Have you ever noticed you never realize how messy your house is until someone is coming to visit?
Or, how after you drive by the same thing day after day, you start to ignore it? Except for stop lights. We always pay attention to stop lights.
What about the decorations around you? Unless you’ve done a recent remodel, I doubt you’d be able to tell me what order pictures and paintings are in on your wall.
Time and repetition play a funny trick on us. Over time, the more we see something, the more likely we become blind to it.
This is true in leadership as well. When we lead in similar situations for a continued amount of time, we have to fight becoming blind to key things around us–strained relationships, organizational complexity, insider language, etc.
This may be simple, but for me it’s messes. I get accustomed to a mess until I have a special guest, then I realize there are books and papers all over the place. Then, I find myself racing to make things look presentable.
For you, it’s likely something else. Maybe you’re forgetting about a relationship that’s been strained for too long. Or you are using insider language that makes new people feel left out and unwelcome.
In leadership, maybe you’re focusing too much on recruiting new people and neglecting the care of the ones you have already. Think of someone who has been serving with you for a while who would greatly benefit from some personal attention and go the extra mile with them.
What do you have in your life that has become “old hat” so much that you do not even recognize it anymore? What steps do you need to take to make the appropriate adjustments and give the necessary attention? Take those steps today!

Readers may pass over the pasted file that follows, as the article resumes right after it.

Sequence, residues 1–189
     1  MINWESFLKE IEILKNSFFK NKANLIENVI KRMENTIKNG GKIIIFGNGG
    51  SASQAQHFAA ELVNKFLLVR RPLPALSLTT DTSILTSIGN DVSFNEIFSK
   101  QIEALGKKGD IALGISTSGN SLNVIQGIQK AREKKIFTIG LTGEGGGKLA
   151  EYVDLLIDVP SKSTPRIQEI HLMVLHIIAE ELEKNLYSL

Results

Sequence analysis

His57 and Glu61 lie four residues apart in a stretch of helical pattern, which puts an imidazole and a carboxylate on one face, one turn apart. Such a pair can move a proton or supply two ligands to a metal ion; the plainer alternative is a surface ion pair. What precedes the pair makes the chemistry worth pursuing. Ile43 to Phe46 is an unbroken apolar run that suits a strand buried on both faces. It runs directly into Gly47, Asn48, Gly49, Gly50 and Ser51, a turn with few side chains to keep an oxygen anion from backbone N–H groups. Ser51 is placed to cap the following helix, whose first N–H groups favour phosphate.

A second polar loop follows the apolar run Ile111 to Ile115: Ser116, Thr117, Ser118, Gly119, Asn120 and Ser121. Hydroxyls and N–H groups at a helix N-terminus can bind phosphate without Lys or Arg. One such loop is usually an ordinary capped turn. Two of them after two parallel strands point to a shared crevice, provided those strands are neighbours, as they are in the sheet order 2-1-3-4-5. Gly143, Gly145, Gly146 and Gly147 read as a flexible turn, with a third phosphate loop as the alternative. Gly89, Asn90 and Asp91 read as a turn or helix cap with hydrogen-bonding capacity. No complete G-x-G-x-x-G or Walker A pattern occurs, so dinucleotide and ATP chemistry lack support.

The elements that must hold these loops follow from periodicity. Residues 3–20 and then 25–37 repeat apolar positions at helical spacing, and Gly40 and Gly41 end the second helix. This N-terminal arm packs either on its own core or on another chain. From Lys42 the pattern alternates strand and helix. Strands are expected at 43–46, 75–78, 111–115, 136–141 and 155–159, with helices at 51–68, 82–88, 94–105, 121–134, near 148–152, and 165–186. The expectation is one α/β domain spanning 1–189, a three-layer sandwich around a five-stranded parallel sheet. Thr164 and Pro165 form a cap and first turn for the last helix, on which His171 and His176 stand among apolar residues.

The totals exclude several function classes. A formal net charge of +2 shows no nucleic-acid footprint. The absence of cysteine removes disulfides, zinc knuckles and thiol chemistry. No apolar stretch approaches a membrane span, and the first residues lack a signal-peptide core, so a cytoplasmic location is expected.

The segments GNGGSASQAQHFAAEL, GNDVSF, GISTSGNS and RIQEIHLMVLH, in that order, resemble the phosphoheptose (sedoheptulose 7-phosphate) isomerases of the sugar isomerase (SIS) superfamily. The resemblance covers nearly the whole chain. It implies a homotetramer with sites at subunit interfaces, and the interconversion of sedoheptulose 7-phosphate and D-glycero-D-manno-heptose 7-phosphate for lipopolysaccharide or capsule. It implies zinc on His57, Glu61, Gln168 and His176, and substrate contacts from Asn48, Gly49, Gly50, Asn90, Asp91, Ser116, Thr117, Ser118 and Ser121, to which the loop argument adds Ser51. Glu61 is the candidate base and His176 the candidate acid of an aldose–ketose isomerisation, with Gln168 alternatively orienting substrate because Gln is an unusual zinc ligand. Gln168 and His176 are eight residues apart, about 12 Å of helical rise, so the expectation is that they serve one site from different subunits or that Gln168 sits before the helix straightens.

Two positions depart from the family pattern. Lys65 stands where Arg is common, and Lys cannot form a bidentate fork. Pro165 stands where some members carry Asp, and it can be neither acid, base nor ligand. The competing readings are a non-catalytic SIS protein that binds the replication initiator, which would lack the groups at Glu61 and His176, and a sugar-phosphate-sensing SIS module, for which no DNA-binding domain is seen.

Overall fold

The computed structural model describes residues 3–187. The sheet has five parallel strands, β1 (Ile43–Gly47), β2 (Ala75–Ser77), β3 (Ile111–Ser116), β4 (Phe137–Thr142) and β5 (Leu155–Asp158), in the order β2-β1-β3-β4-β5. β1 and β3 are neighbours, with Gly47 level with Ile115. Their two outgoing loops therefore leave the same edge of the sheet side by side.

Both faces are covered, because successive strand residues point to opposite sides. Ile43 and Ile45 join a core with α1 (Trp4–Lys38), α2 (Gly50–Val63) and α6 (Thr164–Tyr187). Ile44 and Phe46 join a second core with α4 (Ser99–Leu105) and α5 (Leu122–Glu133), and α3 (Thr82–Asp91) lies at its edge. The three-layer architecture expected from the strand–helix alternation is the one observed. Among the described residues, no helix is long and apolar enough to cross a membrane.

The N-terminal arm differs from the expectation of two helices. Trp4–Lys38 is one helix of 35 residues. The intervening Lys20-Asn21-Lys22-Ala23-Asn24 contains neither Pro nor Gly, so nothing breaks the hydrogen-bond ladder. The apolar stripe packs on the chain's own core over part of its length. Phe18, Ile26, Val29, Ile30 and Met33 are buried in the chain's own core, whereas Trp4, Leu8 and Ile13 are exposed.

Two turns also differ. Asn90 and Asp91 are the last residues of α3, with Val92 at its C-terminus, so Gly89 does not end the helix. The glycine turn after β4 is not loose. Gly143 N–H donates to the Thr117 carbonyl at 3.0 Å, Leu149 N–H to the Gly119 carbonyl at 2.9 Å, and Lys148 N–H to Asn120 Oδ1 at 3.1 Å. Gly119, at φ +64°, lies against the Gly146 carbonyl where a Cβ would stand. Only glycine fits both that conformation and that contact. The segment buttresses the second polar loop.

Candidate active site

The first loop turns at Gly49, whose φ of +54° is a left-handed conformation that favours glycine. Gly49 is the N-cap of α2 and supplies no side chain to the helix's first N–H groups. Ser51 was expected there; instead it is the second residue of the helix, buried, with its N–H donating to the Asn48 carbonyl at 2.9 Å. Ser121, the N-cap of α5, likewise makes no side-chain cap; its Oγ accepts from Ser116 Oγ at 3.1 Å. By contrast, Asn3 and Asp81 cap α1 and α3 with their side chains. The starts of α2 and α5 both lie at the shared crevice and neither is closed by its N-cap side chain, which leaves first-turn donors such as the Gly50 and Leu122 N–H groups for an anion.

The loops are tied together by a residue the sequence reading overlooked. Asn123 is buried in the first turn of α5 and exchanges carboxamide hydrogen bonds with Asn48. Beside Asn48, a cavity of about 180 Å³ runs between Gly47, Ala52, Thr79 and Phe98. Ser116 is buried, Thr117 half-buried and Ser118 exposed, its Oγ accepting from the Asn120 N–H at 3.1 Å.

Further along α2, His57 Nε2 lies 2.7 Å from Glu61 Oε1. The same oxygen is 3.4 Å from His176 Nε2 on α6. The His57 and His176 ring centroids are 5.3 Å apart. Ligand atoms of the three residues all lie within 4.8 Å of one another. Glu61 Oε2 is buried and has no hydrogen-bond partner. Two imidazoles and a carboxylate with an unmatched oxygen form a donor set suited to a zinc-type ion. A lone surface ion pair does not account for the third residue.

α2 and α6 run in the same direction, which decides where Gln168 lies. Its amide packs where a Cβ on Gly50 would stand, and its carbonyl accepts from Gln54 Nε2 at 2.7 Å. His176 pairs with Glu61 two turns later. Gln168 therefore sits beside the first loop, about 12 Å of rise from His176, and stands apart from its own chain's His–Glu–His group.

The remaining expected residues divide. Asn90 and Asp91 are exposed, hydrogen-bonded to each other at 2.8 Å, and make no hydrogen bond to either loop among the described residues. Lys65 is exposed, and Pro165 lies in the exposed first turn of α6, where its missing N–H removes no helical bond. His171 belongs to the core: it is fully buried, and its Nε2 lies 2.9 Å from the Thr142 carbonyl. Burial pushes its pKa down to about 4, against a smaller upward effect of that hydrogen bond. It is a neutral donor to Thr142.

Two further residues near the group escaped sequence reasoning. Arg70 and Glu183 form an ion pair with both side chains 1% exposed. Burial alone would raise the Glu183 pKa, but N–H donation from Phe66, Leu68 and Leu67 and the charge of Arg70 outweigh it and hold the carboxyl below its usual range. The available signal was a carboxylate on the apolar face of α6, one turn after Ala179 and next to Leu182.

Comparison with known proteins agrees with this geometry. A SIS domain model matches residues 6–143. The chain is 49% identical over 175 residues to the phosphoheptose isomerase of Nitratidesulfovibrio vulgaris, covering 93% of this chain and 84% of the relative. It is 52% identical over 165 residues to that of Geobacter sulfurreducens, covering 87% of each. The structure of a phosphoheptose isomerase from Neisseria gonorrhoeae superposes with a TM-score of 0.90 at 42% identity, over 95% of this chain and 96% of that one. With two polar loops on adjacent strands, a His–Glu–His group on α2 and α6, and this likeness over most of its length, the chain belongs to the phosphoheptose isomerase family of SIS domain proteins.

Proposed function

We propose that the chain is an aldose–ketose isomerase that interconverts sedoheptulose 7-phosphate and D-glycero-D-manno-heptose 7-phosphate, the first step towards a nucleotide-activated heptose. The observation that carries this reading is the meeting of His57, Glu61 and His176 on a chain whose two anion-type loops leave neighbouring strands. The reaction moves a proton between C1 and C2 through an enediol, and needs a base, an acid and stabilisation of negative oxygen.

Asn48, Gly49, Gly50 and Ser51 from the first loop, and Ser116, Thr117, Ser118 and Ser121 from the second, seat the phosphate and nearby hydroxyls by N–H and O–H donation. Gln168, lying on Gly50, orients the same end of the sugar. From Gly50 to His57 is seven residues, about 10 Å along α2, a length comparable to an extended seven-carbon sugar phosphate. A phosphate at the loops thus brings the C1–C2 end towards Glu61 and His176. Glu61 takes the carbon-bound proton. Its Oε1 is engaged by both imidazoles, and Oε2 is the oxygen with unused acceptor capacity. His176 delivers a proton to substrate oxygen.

Confession time, again. I’ve been blogging about leadership for over two years now, and just recently read (listened to, actually) John Maxwell’s 21 Irrefutable Laws of Leadership.
The laws Maxwell lays out are concise and incredibly insightful. I would encourage you to pick up a copy today and check it out, after you finish reading this post.
The fifth law Maxwell shares, The Law of Addition–Leaders Add Value by Serving Others, grabbed my attention.
If you are reading this because you want to grow in your leadership influence (I’m writing this because I want you to grow in your leadership influence, btw), then take a moment today to ponder this law.
You make an impact on those around you not by how well you speak or plan, but by the value you add to the lives of those you lead. Now that’s no excuse to speak or plan poorly, but learning to live by the law of addition helps you grow as a leader.
Speak truth into tough situations.
Be the smiling face willing to answer questions.
Send a note of encouragement.
Find ways to add value to those you lead. Get to know them, their families, their priorities, their worries, and their dreams. When you make an effort to make their lives better, the return is incredible.
Don’t believe me? Take a moment to think of a great leader you know. I’m sure big names and authors come to mind, but chances are you remember a teacher or coach who went the extra mile with you. They made an effort to add value to your life by serving you, and you will remember them forever because of it.
You have a great opportunity today to add value to those around you. Make the most of it!